Professor and Chair, Department of Anatomy, University of California San Francisco
Allan Basbaum, Ph.D., conducts research that follows upon his extensive earlier studies of the CNS circuits through which opioids exert their analgesic effects. His laboratory now examines the mechanisms through which tissue and nerve injury produce changes in the peripheral and central nervous system that result in persistent pain. In parallel studies his laboratory examines the circuits through which pruritogens generate itch. The hallmark of the work is a multidisciplinary approach to the problem, using molecular, neuroanatomical, pharmacological and behavioral analyses in wild type and genetically-modified mice, including knockouts and Cre- or reporter-expressing mice generated in our laboratory. By combining these studies with an analysis of the functional properties of molecularly-defined neurons, these studies examine the extent to which pain and itch circuits segregate or converge at the level of spinal cord interneurons and projection neurons. In recent studies, the laboratory turned its attention to the possibility of overcoming the neurological consequences of peripheral nerve damage, by transplanting embryonic cortical GABAergic precursor cells into the spinal cord. Their studies have demonstrated that the cells integrate synaptically and functionally into host neural circuits and can ameliorate the persistent pain and itch associated with nerve damage. Very recently, the laboratory significantly expanded the scope of their studies. They are now using calcium imaging of cortical neurons in awake mice to examine the brain circuits and mechanisms through which pain and itch percepts are generated.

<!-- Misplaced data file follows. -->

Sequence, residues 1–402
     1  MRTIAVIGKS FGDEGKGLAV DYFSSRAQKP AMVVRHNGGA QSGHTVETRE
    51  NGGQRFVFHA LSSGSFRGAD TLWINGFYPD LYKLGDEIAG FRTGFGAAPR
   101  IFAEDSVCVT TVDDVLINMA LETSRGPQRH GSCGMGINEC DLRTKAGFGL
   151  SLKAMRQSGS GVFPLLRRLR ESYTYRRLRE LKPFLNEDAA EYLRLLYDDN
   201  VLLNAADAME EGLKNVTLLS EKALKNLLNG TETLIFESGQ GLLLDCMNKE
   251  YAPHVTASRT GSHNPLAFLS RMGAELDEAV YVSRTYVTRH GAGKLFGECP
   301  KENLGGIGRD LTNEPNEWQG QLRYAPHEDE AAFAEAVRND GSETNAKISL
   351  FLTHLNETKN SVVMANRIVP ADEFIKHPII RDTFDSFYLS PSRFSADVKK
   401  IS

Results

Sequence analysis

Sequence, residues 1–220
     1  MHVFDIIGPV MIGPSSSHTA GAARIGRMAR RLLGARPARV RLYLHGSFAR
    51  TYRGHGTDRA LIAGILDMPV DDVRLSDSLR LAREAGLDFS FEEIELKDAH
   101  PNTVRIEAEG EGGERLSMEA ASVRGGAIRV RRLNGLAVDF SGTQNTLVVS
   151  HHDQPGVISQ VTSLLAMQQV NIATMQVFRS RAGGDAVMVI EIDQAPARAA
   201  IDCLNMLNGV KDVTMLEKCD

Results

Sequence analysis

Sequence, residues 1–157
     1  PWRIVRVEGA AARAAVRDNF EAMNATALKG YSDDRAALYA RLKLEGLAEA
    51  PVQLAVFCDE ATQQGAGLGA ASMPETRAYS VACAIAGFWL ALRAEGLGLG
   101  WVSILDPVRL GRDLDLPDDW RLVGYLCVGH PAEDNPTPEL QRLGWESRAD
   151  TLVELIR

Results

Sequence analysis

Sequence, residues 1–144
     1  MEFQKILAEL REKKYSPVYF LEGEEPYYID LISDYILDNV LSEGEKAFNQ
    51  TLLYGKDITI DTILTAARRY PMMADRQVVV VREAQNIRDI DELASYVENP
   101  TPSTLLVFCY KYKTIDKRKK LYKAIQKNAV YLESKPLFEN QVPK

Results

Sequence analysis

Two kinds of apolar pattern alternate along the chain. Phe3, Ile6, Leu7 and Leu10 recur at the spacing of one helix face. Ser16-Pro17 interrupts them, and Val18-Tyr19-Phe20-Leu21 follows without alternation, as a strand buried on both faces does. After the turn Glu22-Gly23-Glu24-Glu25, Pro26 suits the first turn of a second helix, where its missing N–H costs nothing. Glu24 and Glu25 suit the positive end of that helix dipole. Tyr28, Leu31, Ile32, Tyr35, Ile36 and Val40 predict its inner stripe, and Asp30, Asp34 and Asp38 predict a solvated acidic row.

Dr. Basbaum has served as Editor-in-Chief of PAIN, the journal of the IASP. He is a member of the American Academy of Arts and Sciences, the National Academy of Medicine and is a fellow of the Royal Society in the United Kingdom.